A Chest And Triceps Workout To Boost New Results [Advanced]
Chest And Triceps Workout
Are you bored of bench pressing? Are push ups too basic for you?
These movements are fantastic but maybe you’ve been doing them for a while without modifying them. In this article we’re going to add new life to these exercises, as well as add some new ones to your training arsenal.
In order to keep seeing continuous improvement you must apply new stress to your exercises and movements. This is often regarded as the overload principle.
There’s tons of ways you can achieve this. New trainees can get away with not changing the routine as much or as often.
But if you’re an advanced trainee then you’re going to have to give your muscles new reasons for them to get stronger or bigger. And doing the same routine over and over again is not going to do it.
I’m going to go over some suggestions that I believe are very simple to apply. The first one is tempo training.
Tempo training refers to the duration it takes to complete a single repetition. It’s not the same thing to do push ups for 15 seconds than it is to do them for 50 seconds. Duration of a single rep or set should be taking into consideration if you are looking to add new stimulus to your training.
Here’s an example of how you can do the same exercise for 10 repetitions:
- 50 seconds per set: 10 reps, 5 seconds per rep
- 40 seconds per set: 10 reps, 4 seconds per rep
- 20 seconds per set: 10 reps, 2 seconds per rep
As you can probably already tell, the third option would require you to lower the weight for one second and lift it for one second as well. The other options would require to lower the weight for 2-4 seconds, that’s a totally different workout.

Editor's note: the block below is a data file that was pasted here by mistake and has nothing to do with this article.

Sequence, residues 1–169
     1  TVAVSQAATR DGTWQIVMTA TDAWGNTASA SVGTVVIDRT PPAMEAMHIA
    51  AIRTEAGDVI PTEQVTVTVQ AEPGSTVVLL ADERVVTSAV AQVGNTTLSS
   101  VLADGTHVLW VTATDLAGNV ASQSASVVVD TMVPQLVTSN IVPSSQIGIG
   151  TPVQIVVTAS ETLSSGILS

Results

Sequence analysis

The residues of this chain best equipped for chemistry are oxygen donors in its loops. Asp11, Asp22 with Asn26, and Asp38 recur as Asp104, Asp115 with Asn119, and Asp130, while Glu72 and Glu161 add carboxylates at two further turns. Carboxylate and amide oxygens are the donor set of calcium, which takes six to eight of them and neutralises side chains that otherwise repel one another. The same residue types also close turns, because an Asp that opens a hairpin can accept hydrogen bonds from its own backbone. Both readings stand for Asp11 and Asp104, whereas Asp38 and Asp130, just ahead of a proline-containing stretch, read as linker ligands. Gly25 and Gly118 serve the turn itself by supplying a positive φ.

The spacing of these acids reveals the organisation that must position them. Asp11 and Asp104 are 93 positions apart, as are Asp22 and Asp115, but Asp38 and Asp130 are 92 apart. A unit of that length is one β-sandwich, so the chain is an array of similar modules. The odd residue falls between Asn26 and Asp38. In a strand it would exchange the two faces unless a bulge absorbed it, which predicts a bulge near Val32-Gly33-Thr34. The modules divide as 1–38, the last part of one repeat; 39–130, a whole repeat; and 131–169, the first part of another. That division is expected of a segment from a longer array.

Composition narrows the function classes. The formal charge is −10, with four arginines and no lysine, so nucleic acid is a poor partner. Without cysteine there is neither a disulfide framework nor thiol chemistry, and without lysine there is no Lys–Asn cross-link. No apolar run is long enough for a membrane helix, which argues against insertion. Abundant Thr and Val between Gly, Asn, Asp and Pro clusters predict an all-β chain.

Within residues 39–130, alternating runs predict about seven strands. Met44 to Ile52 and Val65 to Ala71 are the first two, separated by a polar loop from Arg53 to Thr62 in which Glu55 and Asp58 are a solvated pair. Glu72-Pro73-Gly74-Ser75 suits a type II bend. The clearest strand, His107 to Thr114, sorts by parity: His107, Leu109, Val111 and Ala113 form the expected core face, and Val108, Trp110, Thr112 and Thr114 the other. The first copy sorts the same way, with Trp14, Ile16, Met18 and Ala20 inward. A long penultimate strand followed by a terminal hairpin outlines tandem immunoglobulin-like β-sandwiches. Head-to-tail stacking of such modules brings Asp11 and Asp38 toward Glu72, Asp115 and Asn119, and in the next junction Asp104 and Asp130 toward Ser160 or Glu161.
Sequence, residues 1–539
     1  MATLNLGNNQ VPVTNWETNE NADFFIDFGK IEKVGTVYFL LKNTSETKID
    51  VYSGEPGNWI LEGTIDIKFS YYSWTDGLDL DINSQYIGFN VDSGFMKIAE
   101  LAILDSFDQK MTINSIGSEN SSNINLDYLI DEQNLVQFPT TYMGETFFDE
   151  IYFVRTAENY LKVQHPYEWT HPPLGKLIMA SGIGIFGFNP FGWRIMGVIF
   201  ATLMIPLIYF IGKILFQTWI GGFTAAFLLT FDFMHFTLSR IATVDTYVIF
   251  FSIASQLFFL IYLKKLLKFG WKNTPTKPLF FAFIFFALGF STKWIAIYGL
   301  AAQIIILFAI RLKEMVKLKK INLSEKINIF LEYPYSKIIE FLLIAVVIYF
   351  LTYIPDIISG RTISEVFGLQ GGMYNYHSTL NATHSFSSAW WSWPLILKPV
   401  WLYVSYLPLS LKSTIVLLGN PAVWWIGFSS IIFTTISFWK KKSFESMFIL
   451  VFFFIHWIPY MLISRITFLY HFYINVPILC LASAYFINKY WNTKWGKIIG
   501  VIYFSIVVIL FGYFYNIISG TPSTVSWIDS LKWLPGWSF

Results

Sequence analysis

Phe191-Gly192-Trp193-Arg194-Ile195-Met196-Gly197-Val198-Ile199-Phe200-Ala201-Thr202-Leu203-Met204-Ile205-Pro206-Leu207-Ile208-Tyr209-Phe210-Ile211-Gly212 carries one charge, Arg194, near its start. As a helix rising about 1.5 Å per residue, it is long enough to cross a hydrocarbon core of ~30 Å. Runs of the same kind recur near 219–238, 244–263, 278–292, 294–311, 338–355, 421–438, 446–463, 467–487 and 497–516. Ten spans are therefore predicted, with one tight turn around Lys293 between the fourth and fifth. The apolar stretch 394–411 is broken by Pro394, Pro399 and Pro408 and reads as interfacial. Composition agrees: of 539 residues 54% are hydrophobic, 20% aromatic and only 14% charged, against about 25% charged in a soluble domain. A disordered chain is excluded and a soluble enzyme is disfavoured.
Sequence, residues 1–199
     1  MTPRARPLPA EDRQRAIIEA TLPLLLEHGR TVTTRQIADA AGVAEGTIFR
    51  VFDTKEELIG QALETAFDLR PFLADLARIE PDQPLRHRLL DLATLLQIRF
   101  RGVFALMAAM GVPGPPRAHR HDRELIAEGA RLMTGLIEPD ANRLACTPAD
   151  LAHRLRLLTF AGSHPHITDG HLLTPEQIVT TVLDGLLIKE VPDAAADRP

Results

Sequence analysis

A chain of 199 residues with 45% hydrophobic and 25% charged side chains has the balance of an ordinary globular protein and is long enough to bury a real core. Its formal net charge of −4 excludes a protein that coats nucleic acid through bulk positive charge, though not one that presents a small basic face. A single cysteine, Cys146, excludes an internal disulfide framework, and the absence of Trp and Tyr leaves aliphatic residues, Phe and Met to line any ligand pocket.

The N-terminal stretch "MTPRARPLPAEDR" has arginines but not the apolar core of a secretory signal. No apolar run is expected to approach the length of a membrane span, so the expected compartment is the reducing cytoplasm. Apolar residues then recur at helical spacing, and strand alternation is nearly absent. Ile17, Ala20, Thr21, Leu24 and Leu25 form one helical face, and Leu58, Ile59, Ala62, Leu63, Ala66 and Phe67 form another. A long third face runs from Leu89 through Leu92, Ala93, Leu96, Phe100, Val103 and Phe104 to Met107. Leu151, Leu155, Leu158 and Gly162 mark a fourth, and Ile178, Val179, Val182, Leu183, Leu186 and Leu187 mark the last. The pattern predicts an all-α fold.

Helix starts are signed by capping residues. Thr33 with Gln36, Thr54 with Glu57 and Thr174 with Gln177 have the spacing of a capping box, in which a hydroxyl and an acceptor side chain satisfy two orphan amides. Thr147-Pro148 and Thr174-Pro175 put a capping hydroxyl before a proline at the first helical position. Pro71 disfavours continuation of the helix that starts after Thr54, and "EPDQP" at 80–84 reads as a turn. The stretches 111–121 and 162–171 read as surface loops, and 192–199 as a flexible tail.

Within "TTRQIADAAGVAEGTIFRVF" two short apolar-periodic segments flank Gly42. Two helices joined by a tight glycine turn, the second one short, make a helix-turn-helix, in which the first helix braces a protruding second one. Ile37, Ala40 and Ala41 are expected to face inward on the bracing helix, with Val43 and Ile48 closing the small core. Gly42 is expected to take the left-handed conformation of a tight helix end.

The first two options are a great way to add more tension to the targeted muscles. This is also a very simple way to progress any exercise.
How to read Tempo Training suggestions in a workout plan:
The workouts at the bottom of this article will have tempo recommendations and they’re written using 4 digit numbers as seen in the image above.
An exercise with a 31×0 tempo would mean the following:
- The first number indicates how long it should take for you to lower the weight (or in some cases, lower yourself). In this case, 3 seconds.
- The second number indicates you should pause at the bottom for 1 second.
- An “X” indicates a fast powerful contraction. So you would lift the weight or yourself as fast as possible.
- And finally, the third number tells you shouldn’t pause at the top position.
You may be familiar with some of the exercises. I’m just tweaking them a bit and giving them different training parameters.
Dips have been around for a long time. Bodybuilders, Crossfitters, gymnasts and all sorts of athletes do them. They develop superior muscular development for the chest, shoulders and triceps.
In the book Target BodyBuilding, Per Tesch provides the insight that dips target the three heads of the triceps. Unfortunately I often see this exercise performed poorly. And to be honest, this movement is not for everybody. If you have tight shoulders or if you have a history of shoulder injuries then this exercise might not be for you.
There are a few things you can do to get the most of this exercise. Some of the following tips might seem like common sense but they’re absolutely useful.
- Perform the downward portion of the movement with a slow and controlled manner. Too many times I witness people perform dips in a hurry or they drop down to the bottom position too fast. Think about it, injuries don’t happen too often when actions are done with a control and deliberate manner.